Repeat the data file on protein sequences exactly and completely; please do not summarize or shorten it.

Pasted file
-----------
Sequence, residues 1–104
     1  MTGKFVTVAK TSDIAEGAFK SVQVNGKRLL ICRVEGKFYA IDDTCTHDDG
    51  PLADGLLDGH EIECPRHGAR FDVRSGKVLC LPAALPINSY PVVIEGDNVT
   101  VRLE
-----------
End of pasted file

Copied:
Sequence, residues 1–104
     1  MTGKFVTVAK TSDIAEGAFK SVQVNGKRLL ICRVEGKFYA IDDTCTHDDG
    51  PLADGLLDGH EIECPRHGAR FDVRSGKVLC LPAALPINSY PVVIEGDNVT
   101  VRLE